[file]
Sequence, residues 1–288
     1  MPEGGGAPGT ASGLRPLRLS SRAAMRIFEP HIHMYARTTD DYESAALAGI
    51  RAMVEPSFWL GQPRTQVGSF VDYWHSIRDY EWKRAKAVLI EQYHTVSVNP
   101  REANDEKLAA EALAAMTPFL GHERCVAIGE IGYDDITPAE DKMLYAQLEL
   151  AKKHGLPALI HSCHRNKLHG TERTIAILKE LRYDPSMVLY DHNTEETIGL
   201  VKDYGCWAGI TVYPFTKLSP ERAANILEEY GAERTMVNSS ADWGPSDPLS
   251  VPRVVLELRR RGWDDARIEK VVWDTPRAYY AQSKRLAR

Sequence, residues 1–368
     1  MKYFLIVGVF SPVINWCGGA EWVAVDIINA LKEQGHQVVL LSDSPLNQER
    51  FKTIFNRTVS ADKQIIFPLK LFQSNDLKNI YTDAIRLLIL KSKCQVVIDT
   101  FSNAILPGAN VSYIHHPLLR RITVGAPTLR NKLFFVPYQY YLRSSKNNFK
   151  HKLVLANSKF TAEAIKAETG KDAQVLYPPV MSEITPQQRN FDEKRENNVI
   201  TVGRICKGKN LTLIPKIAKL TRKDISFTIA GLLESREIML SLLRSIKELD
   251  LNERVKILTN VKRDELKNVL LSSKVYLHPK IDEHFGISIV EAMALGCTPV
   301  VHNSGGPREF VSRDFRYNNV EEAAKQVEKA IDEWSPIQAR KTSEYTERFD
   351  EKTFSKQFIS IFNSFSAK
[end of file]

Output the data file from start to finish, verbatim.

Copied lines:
Sequence, residues 1–288
     1  MPEGGGAPGT ASGLRPLRLS SRAAMRIFEP HIHMYARTTD DYESAALAGI
    51  RAMVEPSFWL GQPRTQVGSF VDYWHSIRDY EWKRAKAVLI EQYHTVSVNP
   101  REANDEKLAA EALAAMTPFL GHERCVAIGE IGYDDITPAE DKMLYAQLEL
   151  AKKHGLPALI HSCHRNKLHG TERTIAILKE LRYDPSMVLY DHNTEETIGL
   201  VKDYGCWAGI TVYPFTKLSP ERAANILEEY GAERTMVNSS ADWGPSDPLS
   251  VPRVVLELRR RGWDDARIEK VVWDTPRAYY AQSKRLAR

Sequence, residues 1–368
     1  MKYFLIVGVF SPVINWCGGA EWVAVDIINA LKEQGHQVVL LSDSPLNQER
    51  FKTIFNRTVS ADKQIIFPLK LFQSNDLKNI YTDAIRLLIL KSKCQVVIDT
   101  FSNAILPGAN VSYIHHPLLR RITVGAPTLR NKLFFVPYQY YLRSSKNNFK
   151  HKLVLANSKF TAEAIKAETG KDAQVLYPPV MSEITPQQRN FDEKRENNVI
   201  TVGRICKGKN LTLIPKIAKL TRKDISFTIA GLLESREIML SLLRSIKELD
   251  LNERVKILTN VKRDELKNVL LSSKVYLHPK IDEHFGISIV EAMALGCTPV
   301  VHNSGGPREF VSRDFRYNNV EEAAKQVEKA IDEWSPIQAR KTSEYTERFD
   351  EKTFSKQFIS IFNSFSAK